While preparing for my first vacation ever next week, I’ve been trying to write up more content on my guide so that at least my fellow developers in LScube have a references of what I’ve been doing, and Gentoo developers as well, as lately I’ve been asked quite a few interesting questions (and not just them).
So, first of all, thanks to David (user99) who cleaned up the introduction chapter, and to Gilles (eva) who gave me the new stylesheet (so that it doesn’t look as rough as it did before, it also narrows the lines so that it reads better. It might not be the final style, but it really is an improvement now.
As for my changes, I’ve been trying to change slightly the whole take of the guide, trying to write up complete working examples for the readers to use, that are listed in the main page. At the same time, I’m trying to cover the most important, or less known, topics, with particular attention to what people asked me, or what I’ve been using on projects which is not very well known. The list of topics added include:
AC_CHECK_HEADERSto get one out of a prioritised list of headers;
AC_ARG_*macros (enable, with and environment variables);
AS_HELP_STRINGto document the arguments;
AC_ARG_WITHto set up automatic but not automagic dependencies;
- using automake with non-recursive makefiles (including some of the catches);
- improved automake silent-rules documentation;
- using external macro files with autoconf (work in progress, for now only autoconf with no extras is documented).
I’m considering the idea of merging in some of the For A Paralllel World articles, at least those dealing with automake, to complete the documentation. The alternative would be to document all these kind of problems and writing something along the lines of “A Distributor’s Bible”… the problem with that idea is that almost surely somebody will complain if I use the name “Bible” (warning: I’m not a Catholic, I’m an atheist!)… and if I am to call it “The Sacred Book of Distributors” I’ll just be having to dig up all the possible mocks and puns over various religions, ‘cause I’ll be almost surely writing the ten commandments for upstream projects (“Thou shall not ignore flags”, “Thou shall version your packages”), and that also will enter a politically correctness problem.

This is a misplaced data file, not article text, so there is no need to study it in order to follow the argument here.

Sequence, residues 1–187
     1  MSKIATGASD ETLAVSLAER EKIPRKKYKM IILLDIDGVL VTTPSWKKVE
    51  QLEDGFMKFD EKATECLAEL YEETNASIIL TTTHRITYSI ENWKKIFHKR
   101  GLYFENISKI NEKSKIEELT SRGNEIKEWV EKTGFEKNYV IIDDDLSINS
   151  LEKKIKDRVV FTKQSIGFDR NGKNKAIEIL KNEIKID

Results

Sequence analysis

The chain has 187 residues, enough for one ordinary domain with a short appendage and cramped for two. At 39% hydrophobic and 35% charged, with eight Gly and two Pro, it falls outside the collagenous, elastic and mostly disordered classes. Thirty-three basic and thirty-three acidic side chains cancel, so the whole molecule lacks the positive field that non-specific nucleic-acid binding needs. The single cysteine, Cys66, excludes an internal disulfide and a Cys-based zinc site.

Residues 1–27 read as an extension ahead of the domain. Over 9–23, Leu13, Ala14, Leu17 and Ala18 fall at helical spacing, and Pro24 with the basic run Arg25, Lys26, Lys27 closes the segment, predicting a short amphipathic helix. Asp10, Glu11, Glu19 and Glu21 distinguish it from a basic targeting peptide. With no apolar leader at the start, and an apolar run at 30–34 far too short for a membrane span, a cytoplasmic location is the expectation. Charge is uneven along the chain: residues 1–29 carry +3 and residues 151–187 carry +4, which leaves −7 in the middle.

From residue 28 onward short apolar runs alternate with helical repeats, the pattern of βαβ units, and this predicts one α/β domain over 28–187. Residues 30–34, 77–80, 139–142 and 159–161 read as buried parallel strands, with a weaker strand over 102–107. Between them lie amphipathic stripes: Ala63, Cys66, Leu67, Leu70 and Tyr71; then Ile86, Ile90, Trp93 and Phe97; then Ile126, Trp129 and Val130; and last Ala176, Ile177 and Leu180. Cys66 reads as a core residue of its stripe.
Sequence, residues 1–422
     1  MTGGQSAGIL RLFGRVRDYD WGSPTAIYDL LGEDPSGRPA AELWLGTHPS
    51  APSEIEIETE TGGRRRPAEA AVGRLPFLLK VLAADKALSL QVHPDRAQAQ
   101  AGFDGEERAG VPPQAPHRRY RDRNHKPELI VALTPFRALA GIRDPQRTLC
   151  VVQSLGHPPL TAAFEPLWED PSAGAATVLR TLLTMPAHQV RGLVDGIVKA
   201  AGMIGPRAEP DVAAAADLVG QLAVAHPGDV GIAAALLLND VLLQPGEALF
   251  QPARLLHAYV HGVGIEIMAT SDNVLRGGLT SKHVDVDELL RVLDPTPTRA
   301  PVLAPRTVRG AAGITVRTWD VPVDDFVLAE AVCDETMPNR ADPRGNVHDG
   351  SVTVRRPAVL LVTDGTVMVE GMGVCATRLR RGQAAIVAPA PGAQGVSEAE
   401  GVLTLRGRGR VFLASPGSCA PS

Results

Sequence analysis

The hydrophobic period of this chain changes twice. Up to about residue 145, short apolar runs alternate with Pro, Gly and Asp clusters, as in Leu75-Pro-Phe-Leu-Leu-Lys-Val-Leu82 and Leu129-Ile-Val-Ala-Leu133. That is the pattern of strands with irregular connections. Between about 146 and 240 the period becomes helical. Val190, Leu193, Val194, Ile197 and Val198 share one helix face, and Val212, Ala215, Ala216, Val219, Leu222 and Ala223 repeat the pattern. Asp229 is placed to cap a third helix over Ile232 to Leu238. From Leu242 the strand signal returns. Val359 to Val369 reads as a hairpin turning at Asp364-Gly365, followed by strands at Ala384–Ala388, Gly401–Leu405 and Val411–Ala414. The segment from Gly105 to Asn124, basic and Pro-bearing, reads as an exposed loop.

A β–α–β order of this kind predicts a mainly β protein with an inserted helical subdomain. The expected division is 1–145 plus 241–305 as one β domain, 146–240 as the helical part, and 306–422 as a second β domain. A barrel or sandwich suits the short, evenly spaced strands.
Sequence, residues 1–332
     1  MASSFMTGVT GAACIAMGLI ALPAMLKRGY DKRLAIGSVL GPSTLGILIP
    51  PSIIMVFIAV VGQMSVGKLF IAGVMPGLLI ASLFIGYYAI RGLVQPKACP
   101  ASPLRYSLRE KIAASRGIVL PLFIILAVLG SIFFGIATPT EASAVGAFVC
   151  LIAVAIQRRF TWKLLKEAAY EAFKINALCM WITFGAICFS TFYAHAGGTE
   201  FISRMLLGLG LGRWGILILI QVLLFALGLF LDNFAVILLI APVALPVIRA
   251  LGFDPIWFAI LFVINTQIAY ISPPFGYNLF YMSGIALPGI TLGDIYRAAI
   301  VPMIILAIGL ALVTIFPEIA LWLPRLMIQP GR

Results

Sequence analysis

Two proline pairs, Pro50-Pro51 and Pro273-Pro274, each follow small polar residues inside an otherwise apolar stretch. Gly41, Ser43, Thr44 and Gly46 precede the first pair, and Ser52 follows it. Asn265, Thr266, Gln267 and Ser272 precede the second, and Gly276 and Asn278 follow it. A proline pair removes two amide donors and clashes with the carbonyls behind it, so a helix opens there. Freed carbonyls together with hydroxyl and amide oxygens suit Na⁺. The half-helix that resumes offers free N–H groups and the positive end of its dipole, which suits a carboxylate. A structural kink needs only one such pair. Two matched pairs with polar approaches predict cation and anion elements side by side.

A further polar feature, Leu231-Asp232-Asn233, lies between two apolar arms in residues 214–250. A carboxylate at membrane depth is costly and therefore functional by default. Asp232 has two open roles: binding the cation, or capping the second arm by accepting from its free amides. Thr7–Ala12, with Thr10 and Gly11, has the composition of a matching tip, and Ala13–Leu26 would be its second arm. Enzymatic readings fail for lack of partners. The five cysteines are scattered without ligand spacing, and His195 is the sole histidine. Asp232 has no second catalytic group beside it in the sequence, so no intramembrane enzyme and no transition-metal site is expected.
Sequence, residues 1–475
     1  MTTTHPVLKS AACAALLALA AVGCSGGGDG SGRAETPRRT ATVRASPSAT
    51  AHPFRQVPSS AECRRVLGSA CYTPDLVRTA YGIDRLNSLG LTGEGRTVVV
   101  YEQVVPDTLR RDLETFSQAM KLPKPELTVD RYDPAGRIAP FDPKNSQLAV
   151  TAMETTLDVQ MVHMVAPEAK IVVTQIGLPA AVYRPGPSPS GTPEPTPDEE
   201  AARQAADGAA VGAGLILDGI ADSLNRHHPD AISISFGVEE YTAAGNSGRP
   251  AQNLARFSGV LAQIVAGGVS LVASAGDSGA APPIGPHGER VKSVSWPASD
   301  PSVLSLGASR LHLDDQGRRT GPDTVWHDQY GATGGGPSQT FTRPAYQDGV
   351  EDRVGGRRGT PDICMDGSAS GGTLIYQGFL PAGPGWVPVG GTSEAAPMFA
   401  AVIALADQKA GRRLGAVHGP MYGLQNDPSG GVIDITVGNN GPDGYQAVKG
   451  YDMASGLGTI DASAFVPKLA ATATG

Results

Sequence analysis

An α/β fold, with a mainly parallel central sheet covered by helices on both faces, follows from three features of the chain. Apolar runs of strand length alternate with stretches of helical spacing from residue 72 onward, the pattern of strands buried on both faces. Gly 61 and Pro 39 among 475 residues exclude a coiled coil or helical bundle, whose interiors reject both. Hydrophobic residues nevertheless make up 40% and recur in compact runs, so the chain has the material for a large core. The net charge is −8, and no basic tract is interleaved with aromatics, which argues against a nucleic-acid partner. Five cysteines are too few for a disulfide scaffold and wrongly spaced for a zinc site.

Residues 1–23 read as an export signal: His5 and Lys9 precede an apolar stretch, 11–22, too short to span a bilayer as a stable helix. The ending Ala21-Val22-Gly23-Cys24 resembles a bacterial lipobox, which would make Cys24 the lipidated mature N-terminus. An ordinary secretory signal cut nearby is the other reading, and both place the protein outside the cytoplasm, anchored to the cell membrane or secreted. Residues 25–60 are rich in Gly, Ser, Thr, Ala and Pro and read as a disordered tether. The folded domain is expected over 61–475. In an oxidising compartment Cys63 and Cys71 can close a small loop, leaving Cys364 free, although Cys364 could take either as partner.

Oh well, remember that I do accept gifts (and I tried not putting there the stuff that I’ll be buying next week… I already told my friends not to let me enter too many shops, but I’ll be following them and that’s not going to be a totally safe tour anyway…).